• The new body should continue to provide advice to the public in relation to issues concerning the press and consider whether to provide an advisory service to editors in relation to the consideration of public interest.
  • The new body should establish a whistleblowing hotline for journalists who feel they are being asked to do things which are contrary to the Code.
  • The new body should consider requiring that newspapers publish compliance reports in their own pages and that a named senior individual within each title should have responsibility for compliance and standards.

Incentives to join the new scheme

  • Publishers should be encouraged to sign up to the new regime through various legal incentives, including:
    • access to a low cost arbitration service to deal with civil law complaints in relation to member publications;
    • cost benefits in civil litigation for members who encourage complainants to use the arbitration service rather than litigating;
    • potential exemption from exemplary damages in respect of media torts;
    • being able to display a "kite mark" for use by members to establish a recognised brand of trusted journalism; and
    • membership being taken into account by the Information Commissioner in deciding whether to take any enforcement steps.

Data protection

  • The Information Commissioner's Office should take immediate steps to prepare, adopt and publish a policy on the exercise of its formal regulatory functions in order to ensure that the press complies with the legal requirements of the data protection regime.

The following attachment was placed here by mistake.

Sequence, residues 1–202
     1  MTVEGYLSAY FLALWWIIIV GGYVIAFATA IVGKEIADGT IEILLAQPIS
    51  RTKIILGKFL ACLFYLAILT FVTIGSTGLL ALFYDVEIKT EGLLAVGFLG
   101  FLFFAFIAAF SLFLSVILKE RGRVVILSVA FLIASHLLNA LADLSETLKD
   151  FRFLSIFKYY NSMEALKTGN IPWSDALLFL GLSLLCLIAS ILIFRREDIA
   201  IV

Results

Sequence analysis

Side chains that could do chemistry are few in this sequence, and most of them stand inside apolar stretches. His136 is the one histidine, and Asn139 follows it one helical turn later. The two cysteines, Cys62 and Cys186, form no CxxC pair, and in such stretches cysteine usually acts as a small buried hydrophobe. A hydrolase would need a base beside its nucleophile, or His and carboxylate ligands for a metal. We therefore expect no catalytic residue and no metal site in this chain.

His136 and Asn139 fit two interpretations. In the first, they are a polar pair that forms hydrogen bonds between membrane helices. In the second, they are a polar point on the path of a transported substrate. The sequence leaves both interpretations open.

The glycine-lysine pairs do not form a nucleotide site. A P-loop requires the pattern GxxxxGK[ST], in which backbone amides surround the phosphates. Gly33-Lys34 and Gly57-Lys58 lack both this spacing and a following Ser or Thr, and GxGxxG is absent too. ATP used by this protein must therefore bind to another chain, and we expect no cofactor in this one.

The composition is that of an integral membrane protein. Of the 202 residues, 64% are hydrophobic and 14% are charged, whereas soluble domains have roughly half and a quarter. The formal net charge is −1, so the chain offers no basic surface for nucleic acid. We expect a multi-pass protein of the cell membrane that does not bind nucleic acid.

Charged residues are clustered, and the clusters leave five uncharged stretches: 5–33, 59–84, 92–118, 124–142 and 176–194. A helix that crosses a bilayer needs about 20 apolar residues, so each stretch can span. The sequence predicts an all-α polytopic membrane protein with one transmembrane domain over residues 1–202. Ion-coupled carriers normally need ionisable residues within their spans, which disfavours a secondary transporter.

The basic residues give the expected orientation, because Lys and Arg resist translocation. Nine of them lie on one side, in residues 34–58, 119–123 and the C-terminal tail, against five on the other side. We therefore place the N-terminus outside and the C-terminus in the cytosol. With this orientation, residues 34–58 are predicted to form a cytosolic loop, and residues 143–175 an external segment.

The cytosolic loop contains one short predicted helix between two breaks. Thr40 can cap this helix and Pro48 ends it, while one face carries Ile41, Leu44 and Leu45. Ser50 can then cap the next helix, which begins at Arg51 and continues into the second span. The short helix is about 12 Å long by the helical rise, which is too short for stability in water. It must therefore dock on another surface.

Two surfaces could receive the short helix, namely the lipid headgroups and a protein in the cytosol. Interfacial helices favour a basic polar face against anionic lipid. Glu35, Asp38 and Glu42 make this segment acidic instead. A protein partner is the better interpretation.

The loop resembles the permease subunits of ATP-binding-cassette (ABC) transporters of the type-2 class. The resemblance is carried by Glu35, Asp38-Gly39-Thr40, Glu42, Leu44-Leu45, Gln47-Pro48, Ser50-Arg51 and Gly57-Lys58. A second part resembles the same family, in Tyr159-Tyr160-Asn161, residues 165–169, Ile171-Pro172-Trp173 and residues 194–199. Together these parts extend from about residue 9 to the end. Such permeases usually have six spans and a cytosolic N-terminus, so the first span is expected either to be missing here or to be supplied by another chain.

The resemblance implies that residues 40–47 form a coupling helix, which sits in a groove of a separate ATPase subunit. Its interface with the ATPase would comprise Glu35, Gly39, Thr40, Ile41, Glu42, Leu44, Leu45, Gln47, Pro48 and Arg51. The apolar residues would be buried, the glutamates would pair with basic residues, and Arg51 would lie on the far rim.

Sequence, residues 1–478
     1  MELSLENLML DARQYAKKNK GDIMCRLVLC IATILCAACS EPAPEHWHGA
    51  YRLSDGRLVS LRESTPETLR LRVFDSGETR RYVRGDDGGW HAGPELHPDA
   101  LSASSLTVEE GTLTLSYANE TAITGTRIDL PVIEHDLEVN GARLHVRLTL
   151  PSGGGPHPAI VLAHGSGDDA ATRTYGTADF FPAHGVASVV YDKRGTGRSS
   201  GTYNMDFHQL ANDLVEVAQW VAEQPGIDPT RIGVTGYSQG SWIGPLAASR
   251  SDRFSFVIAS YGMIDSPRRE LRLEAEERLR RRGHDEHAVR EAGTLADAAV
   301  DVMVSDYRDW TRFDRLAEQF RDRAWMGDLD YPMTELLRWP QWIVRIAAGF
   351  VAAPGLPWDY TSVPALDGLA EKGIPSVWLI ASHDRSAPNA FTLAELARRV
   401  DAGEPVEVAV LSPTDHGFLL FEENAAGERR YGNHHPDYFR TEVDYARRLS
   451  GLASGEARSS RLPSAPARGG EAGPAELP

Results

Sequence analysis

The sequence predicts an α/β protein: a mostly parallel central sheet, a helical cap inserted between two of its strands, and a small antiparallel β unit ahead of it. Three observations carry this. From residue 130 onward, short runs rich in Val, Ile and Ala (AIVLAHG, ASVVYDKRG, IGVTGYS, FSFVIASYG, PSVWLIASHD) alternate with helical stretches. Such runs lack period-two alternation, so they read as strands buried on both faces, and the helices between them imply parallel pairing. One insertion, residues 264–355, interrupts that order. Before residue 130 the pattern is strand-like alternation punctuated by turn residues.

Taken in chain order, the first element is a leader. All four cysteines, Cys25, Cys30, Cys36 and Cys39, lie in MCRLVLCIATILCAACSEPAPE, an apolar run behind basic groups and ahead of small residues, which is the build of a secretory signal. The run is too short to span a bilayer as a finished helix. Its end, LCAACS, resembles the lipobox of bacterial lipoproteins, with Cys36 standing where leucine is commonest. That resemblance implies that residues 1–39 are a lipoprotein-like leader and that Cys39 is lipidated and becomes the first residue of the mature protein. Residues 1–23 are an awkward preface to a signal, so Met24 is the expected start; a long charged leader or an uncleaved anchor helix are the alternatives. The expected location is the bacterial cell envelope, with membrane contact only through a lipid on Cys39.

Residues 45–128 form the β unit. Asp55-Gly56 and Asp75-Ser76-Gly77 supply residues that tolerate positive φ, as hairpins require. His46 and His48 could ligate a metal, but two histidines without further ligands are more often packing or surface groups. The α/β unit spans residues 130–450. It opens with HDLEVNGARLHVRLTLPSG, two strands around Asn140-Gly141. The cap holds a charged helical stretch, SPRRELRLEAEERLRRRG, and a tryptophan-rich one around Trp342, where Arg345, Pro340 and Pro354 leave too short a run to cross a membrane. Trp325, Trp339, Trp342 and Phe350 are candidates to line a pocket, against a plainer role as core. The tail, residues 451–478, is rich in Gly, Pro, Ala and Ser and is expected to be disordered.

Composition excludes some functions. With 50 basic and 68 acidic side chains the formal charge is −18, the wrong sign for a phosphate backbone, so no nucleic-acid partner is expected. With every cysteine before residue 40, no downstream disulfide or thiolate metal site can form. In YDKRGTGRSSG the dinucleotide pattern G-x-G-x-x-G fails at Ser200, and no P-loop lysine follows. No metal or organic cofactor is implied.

• The journalistic exemption in section 32 of the Data Protection Act 1998 should be narrowed in scope, in particular so that it is available only where the processing of data is necessary for publication and the data controller reasonably believes the relevant publication would be in the public interest.

Police access to journalistic material

  • The Home Office should consider and, if necessary, consult upon the aspects of the Police and Criminal Evidence Act 1984 which impose restrictions on the ability of the police to access journalistic material (sections 11(3), 13(2) and paragraph 2(b) of Schedule 1).

Civil law

  • The recommendations in the Report of the Law Commission on Aggravated, Exemplary and Restitutionary Damages be adopted and that, in particular, exemplary damages retained (but renamed as punitive damages) and be available for breach of privacy and similar actions as well as libel and slander.
  • The Civil Procedure Rules be amended to require the court to take into account the new regulator's arbitral system when considering costs at the conclusion of proceedings.

Plurality and media ownership

  • Ofcom and the Government should work with the media industry on the measurement framework for plurality in order to achieve as great a measure of consensus as is possible on how media plurality should be measured before the measuring system is deployed.
  • The Secretary of State should remain responsible for public interest decisions in relation to media mergers.